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manipulators, not us; theirs is the primitive, superstitious religion, not ours; they are the incarnation of evil, not us, and so on. For the black man, the intrinsic whiteness of Christian goodness made him a de facto symbol of all that was dark, unconscious, and uncivilized: "Those Negroes were the principle of evil" (190). This dynamic plays out the same way with Indians, the "red devils," or the Chinese/Japanese, the "yellow peril," "the thieving Jew," ad infinitum. The overwhelming incidence of Other making among the Puritan forefathers, those most repressed and repressive of all Christians, suddenly seems to make sense in light of the theory of projection; they, as Hawthorne knew only too well, were themselves possessed of a savagely "persecuting spirit," "being of the most intolerant brood that ever lived" (Baym, et al. 1989, 1211). The early Puritans conceived themselves to be intimately involved in a transhistorical drama in which the ultimate intentions and apocalyptic judgments of their Lord and Creator were to be acted out on Earth. As a result, their contacts with Indians in the New Zion they hoped to create in America were fraught with symbolic associations of a Biblical nature. Both good and bad versions of the Indian appear frequently in Puritan letters and sermons, their contrasting valuations due largely to the way Indians deported themselves on behalf of the Puritan agenda. Incidents of hostility from the Indians of Powhatan caused Puritans the utmost fear, by which they projected onto the Indian various negative images. The preacher Cotton Mather was especially virulent in his assessment of the Indians as 37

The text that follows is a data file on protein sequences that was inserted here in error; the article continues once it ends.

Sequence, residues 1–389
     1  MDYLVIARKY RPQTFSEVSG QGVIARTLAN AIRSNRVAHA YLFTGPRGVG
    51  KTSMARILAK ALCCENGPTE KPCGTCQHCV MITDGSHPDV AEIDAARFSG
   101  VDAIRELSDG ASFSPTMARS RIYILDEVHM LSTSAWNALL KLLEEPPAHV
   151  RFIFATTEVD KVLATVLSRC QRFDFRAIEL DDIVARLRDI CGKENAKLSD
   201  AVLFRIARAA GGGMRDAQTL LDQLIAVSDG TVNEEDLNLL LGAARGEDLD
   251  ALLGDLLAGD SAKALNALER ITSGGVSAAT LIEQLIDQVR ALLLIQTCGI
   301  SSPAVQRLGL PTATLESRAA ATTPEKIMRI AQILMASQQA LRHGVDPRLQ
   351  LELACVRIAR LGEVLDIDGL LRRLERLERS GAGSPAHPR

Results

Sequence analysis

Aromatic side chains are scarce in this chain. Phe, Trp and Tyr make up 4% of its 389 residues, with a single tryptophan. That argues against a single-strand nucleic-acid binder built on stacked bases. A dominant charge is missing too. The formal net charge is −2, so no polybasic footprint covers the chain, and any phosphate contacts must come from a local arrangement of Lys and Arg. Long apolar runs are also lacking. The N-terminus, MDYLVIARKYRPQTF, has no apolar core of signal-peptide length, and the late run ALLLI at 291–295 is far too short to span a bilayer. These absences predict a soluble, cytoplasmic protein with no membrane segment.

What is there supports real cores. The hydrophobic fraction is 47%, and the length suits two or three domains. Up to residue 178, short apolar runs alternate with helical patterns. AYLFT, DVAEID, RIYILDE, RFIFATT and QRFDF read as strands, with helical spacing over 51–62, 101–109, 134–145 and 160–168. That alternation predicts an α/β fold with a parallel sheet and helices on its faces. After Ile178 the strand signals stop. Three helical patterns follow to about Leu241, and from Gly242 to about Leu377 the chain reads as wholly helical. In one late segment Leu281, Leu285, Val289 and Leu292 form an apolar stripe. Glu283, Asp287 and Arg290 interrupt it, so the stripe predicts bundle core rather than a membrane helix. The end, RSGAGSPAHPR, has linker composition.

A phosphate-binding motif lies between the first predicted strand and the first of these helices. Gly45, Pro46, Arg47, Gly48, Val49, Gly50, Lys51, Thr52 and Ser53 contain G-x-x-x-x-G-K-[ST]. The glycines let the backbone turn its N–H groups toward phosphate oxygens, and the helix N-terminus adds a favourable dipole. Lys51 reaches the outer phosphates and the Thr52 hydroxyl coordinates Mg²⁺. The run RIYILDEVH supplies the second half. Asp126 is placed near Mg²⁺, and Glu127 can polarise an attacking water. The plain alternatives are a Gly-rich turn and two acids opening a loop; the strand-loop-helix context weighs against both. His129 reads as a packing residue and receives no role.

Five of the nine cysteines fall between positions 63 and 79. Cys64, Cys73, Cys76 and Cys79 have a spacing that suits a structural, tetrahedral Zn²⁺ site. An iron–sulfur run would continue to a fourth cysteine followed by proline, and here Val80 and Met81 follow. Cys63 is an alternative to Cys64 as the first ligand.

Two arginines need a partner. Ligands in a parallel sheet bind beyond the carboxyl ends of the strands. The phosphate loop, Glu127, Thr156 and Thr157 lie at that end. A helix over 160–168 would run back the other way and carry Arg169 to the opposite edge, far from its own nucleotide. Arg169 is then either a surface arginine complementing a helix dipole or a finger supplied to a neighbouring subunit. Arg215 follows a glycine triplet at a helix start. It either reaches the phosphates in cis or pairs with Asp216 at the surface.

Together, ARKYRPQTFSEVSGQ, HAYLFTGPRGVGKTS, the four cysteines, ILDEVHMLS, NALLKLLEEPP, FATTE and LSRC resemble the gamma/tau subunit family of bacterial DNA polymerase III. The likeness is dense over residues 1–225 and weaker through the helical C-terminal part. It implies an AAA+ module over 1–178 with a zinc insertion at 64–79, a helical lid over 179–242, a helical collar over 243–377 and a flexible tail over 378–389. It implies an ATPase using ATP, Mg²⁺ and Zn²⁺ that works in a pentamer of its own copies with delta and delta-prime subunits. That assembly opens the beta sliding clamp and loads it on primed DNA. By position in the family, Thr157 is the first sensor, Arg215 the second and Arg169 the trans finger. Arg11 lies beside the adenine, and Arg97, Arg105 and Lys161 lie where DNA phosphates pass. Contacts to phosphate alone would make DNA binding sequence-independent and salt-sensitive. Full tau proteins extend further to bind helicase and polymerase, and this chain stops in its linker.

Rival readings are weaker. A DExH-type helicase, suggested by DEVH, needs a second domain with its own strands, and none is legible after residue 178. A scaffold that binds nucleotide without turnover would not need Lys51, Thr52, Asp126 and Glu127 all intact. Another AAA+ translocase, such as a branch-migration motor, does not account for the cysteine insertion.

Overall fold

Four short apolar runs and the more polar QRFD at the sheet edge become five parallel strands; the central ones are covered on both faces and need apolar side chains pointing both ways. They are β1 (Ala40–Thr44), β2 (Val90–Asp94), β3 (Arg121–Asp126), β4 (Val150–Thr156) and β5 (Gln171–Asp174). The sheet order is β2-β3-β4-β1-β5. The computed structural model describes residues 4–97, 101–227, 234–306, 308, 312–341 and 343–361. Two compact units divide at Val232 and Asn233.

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the scourge of God, as was his father Increase, both of whom enlarged on the captivity tale of Mary Rowlandson (published in 1682), who described her captors as "aetheistical, proud, wild, cruel, barbarous, brutish, (in one word) diabolical Creatures .... the worst of heathen" (Berkhofer 1978, 84). Berkhofer, citing the work of Michael Rogin and others, echoes Fanon's argument for projection in saying: "If the Puritans, for example, could project their own sins upon people they called savages, then the extermination of the Indian became a cleansing of those sins from their own midst as well as the destruction of a feared enemy" (27). If Indians brought food to their table or helped them clear land for planting, on the other hand, they were seen as good Indians acting out the providential nature of the Puritan God. The concept of projection as a form of psychological witchcraft will be taken up later regarding the work of Frank Waters. BIA policy, perceived as literature of the most banal yet representative sort, offers an introduction to the mass-produced imagistic canon of the Indian as a topic for general literary and artistic treatment. Indeed, the Indian was an almost ubiquitous character in "pioneer" literature and art, most of which made the reflective notions of the BIA and its Puritan progenitors into stock characters who have, with few exceptions, retained their stereotypical dimensionlessness unto the present day. While I will not attempt to canvass the entire catalogue of Indian images that have emerged into the popular imagination over the last five 38

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centuries, as has already been done most effectively by such writers as Stedman, Berkhofer, and Churchill, I will enunciate some of the major stereotypes in order to show how the writers and artists whose work I will discuss have made significant, perhaps revolutionary, debunking alterations and expansions upon these stereotypes. They have done so largely to help save the Indian from both physical and cultural extinction, a motive as political as that which drives the BIA and as semiologically and psychologically mythic in nature as the Christian metalanguage of Otherness. 39